Crowd honors Wampler, Brown

Sheriff hands over reins to successor Matt English on Jan. 6

SHERIFF Joe Wampler, left, and Chief Deputy Jerry Brown admire their retiree badges, presented Thursday by Sheriff-elect Matt English in Thursday’s standing-room-only reception at Hood River Hotel. Wampler and Brown will both serve as reserve deputies after retiring in January.

Photo by Kirby Neumann-Rea.
SHERIFF Joe Wampler, left, and Chief Deputy Jerry Brown admire their retiree badges, presented Thursday by Sheriff-elect Matt English in Thursday’s standing-room-only reception at Hood River Hotel. Wampler and Brown will both serve as reserve deputies after retiring in January.

More than 250 people filled the ballroom at Hood River Hotel Thursday to thank Sheriff Joe Wampler and Chief Deputy Jerry Brown, who are both about to retire.

“I could never have asked for a better sheriff and a better person, than Joe Wampler,” said county administrator David Meriwether, who gave men crystal plaques in thanks.

Sheriff-elect Matt English read from the Congressional Record of Dec. 18 honoring Wampler and Brown, submitted by U.S. Rep. Greg Walden of Hood River.

Hood River News will carry details of the event in the Jan. 2 edition.

Brown said that as he and Wampler depart, “we are leaving the department in good hands with Matt and the rest of the crew.”

English presented Brown and Wampler with their retiree badges, and said, “little do they know but they will be receiving their reserve badges in about two weeks.” Wampler will remain part of the search and rescue force he greatly expanded in his tenure, and he and Brown will both be doing occasional patrol shifts in the coming months.

The handover from Wampler to English was also supposed to happen Jan. 1, but Wampler will get to keep his job for an extra six days.

County statute states that the sheriff must be sworn in on the first Monday of January, which falls on Jan. 7.

In order to make sure that the county has a sheriff in the interim, the county commission was tasked with appointing an acting sheriff for those six days at its meeting Monday.

Wampler and Undersheriff Jerry Brown, who is also retiring, were honored Dec. 27 at the Hood River Hotel. The community is welcome to attend.

The commission voted to appoint Wampler as acting sheriff for the first six days of 2013 but not before checking to see whether one of its own was paying attention.

Commissioner Bob Benton opened his motion with “I move we appoint Commissioner Les Perkins,” to raucous laughter from the audience and commission.

“That would have been the best week you’ve had,” commissioner Maui Meyer told Perkins.

Unfortunately for Perkins, Benton then amended his motion to in order to appoint Wampler.

While Wampler may be stepping aside after Jan. 7, his successor said the department still figures to have uses for him.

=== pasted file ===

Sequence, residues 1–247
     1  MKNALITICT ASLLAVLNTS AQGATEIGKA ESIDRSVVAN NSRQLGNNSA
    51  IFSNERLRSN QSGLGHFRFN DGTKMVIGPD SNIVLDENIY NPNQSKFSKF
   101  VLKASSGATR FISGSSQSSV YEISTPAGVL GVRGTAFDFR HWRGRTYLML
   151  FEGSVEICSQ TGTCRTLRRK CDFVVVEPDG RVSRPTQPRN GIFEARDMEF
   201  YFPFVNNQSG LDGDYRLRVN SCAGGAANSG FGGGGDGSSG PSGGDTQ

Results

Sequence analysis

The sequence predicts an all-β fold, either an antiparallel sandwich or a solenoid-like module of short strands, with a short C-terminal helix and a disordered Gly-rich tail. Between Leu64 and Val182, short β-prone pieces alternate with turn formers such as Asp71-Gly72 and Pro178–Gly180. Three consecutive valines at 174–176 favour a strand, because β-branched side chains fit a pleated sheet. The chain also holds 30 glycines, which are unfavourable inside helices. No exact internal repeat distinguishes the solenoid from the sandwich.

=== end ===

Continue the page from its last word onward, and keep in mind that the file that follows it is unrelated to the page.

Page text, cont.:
“He’s going to stick around and help us with search and rescue,” English said. “I’m glad he’s willing to do that; he’ll be a great resource.”

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Parkdale third graders sing "12 Disaster Days of Christmas"

Welcome to your sing-able Christmas gift list. What follows is an emergency rendition of “12 Days of Christmas” – for outfitting your home or car in case of snow storm, earthquake, flood or other emergency. Read it as a simple list, or sing it to the tune of “12 Days” – you know, as in “ … and a partridge in a pear tree…” Not to make light of it, but the song is a familiar framework for a set of gift ideas that you could consider gathering together, even if the recipient already owns items such as a bunch of coats, tire chains and flashlights. Stores throughout the Gorge are stocked up on all these items. Buying all 12 days might be prohibitive, but here are three ideas for checking any of the dozen off your list (notations follow, 1-12.) The gift items needed to stay warm, dry and safe are also coded to suggest items in your abode (A) in your car (C) or both (B). 12 Gallons of Water (A) 11 Family meals (B) 10 Cans of propane (A) 9 Hygiene bags (B) 8 Packs of batteries (A) 7 Spare coats (B) 6 Bright red flares (C) 5 Cozy blankets (B) 4 Tire chains (C) 3 Flashlights (B) 2 cell phone chargers (B) 1 And a crush-proof first aid kit (B) Price ranges? Here’s a few quotes for days Three, Two, Four and Nine: n A family gift of flashlights (three will run $15-30, Hood River Supply, Tum-A-Lum) n Cell phone chargers (two will run $30-60) n Tire chains (basic set, $30, Les Schwab, returnable if unused for the winter) n Family meals ($100 or so should cover the basics for three or four reasonably well-fed days) n The home kit should be kept in a handy place near an exit, and remember that water needs to be replenished every few months. If you have a solid first aid kit already, switch out the gift idea with “and-a-sto-o-u-t- tub-for it-all …” Otherwise, it’s a case of assembling your home or car kits and making sure all members of the family know what the resources are and how to use them (ie flares and propane). Emergency situations are at worst life-threatening, at best deeply uncomfortable if you and your family are left without power for an extended period, or traveling and find yourself in a situation where you need to wait out a storm, lengthy traffic delay, or other crisis. Notes on the 12 gift ideas: 12 – Gallons of water: that’s one per person in a four-member family to last for three days, the recommended minimum to be prepared for utility outages. 11 – Easy-open packaged goods, energy bars, dried food and nuts are good things to include for nutrition. Think of what your family of four needs for three days to stay fortified and hydrated (see number 12). Can-opener also recommended 10 – If you have a propane camping stove, keep extra fuel handy. 9 – Hygiene bags: put packaged moistened towelettes, toilet paper, and plastic ties in large garbage bags (for personal sanitation) Resource list courtesy of Hood River County Emergency Management, Barbara Ayers, manager/ 541-386-1213. The county also reminds residents to Get a Kit, Make A Plan to connect your family if separated, and Stay Informed. See to opt-in for citizen alerts. Enlarge